Medicaid is a needs-based program that will cover medical costs ranging from a cast on a child’s broken leg to an older adult’s nursing home expenses. If you don’t have the resources to pay for your own medical care, you can ask Medicaid to cover your costs.
New Jersey will look at your current income and what assets you own when deciding your eligibility. Although your house won’t count against you, most everything else could. The state will also look back at your prior financial transactions.
How early do you have to start planning for Medicaid if you want to avoid incurring a penalty when you do apply?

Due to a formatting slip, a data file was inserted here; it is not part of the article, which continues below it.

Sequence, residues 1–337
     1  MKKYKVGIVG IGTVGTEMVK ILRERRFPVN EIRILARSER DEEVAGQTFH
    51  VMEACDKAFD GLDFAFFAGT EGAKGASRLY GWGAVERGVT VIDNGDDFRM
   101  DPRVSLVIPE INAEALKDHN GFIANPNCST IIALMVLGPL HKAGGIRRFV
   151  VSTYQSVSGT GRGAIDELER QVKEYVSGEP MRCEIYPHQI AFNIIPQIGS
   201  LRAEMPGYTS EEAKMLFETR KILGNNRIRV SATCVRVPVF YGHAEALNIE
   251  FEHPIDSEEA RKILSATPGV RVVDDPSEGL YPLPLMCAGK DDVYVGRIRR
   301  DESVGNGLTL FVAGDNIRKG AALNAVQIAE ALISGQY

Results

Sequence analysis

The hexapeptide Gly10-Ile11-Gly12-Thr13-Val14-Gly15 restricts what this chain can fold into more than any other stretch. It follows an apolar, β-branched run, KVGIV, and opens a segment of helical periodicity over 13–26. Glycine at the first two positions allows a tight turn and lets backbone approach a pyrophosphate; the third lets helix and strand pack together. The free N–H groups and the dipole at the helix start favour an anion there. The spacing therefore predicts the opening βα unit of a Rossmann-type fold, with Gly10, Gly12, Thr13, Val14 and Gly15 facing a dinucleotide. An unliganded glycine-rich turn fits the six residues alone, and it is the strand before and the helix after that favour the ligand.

Five years of financial records are subject to scrutiny
Those evaluating your application will request five years of financial records. If you made any gifts or large transfers during that time, those transactions might lead to a Medicaid penalty. Setting up a trust three years before you apply or gifting your children each $10,000 the year before could count against you.
You may not be able to receive benefits until you pay a certain amount on your own, even if you no longer have the resources to cover those expenses. You can wind up going ino debt in a way that will affect your estate. Both Medicaid and medical creditors could come after your remaining assets and even your home after you die.
Planning both to qualify for Medicaid and protect your assets as early as possible will be in your best interests. When you understand how the Medicaid lookback period works, you can make better decisions about planning for future medical needs.